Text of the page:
TECHNOLOGY: Packing a Diesel-Like Punch

April 1, 2002

3 Min Read
TECHNOLOGY: Packing a Diesel-Like Punch

Bill Siuru

Like many waste management companies in California, Norcal Waste Systems, San Francisco, faces community pressure to reduce its truck emissions. Doing its part, the company has purchased several heavy duty trucks that run on natural gas.

Supplied by Peterbilt, Denton, Texas, the trucks are equipped with natural gas engines specially designed by Cummins Westport Inc., a joint venture between Cummins Inc., Columbus, Ind., and Westport Innovations Inc., Vancouver, British Columbia, Canada.

The 15-liter ISX-G engines are a modified version of Cummins' heavy duty ISX diesel truck engine equipped with Westport's high-pressure direct-injection (HPDI) natural gas injection technology. According to Cummins Westport, the technology is unique in that it produces diesel-like torque and fuel efficiency.

HPDI technology relies on late injection of high-pressure natural gas into the engine's combustion chamber. The injection occurs after the compression stroke, when air is compressed so intensely that it ignites the diesel fuel without a spark plug. Late injection allows the ISX-G to preserve the diesel engine's high compression ratio, which delivers low-speed torque and high fuel efficiency, according to Cummins Westport.

This differs from other natural gas engines that cannot preserve the diesel cycle's high compression ratio. This is because natural gas engines rely on the early introduction of an air-fuel mixture into the engine cylinder, prior to compression.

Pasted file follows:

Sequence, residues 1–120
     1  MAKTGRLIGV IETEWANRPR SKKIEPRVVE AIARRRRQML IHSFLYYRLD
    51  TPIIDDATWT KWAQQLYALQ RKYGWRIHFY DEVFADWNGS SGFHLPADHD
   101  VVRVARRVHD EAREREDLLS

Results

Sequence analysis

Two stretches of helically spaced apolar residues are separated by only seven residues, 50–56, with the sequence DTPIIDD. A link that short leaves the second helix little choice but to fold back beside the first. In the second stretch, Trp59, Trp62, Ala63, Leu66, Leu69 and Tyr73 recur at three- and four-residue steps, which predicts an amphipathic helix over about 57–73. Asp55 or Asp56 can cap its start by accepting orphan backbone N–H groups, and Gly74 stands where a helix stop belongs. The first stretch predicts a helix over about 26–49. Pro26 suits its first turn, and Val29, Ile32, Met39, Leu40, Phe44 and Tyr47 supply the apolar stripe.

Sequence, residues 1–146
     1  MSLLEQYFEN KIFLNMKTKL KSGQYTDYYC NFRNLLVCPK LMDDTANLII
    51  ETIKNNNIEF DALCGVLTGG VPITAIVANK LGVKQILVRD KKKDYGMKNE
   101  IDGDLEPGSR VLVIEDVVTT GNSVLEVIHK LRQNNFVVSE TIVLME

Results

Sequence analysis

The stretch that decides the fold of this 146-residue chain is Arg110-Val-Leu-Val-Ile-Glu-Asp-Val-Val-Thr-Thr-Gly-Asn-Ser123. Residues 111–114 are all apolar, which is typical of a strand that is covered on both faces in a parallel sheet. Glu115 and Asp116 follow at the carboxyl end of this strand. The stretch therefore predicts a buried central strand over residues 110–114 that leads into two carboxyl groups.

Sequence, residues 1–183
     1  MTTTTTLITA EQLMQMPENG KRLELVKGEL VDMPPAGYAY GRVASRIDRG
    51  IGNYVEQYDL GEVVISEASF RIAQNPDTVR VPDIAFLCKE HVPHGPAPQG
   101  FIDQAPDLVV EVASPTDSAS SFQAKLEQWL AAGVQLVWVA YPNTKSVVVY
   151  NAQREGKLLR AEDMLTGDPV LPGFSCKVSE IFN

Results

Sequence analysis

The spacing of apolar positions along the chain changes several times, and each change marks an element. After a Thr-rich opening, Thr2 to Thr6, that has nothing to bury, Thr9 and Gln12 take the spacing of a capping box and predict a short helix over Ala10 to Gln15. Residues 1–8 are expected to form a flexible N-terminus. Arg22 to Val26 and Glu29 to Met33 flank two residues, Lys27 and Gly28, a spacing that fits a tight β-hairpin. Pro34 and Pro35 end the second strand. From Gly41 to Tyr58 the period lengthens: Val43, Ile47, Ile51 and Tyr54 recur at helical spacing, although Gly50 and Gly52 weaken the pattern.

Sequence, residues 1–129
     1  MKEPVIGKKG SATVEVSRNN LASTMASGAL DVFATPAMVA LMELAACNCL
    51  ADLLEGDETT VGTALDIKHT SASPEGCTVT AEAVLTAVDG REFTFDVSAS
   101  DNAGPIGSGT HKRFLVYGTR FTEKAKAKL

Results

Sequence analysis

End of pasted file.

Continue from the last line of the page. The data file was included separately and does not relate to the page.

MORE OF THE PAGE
To make the cycle work, the manufacturer needed to acknowledge that natural gas is more difficult to ignite than diesel fuel. Natural gas does not always automatically ignite from the hot compressed air in the engine cylinder. Therefore, for every combustion event, the injector squirts a small amount of diesel fuel into the engine immediately before the natural gas. The diesel fuel, which ignites when it touches the hot compressed air, acts as a pilot to ignite the natural gas.

Also, the cycle uses a single-injector device to deliver the pilot and the natural gas. The injector fits into the cylinder head in the same location as the diesel injector. No modifications to the engine are required, according to Professor Philip Hill, who developed the technology during the past 10 years at the University of British Columbia, Vancouver, Canada. Because it uses late injection, the engine can operate with variable qualities of natural gas. This is an important reliability consideration because natural gas is not a refined fuel and its composition can change by region or season.

The result is a clean-burning engine that emits no more than 2.5 grams of nitrogen oxide per brake-horsepower-hour, according to Cummins Westport. Depending on the test cycle, nitrogen oxide emissions are reduced by between 35 percent and 50 percent. Particulate matter emissions are reduced by 50 percent to 70 percent because of the lower carbon content of the natural gas per unit of energy and its lower propensity to form soot, the company says. Also, the ISX-G engine will produce 20 percent less carbon dioxide emissions than diesel fuel.

These results may enable engine purchasers in California to receive financial incentives from the state. The engines have obtained low-emission certification from the California Air Resources Board of Sacramento.

To date, Sanitary Fill Co. drivers seem pleased with the ISX-G's performance, as they haul waste 60 miles from San Francisco to a landfill, the company states.

Reduced costs and maintenance may be additional benefits to using the cleaner engines. The company is testing extended oil change intervals with Norcal trucks to define oil life during on-highway operations.

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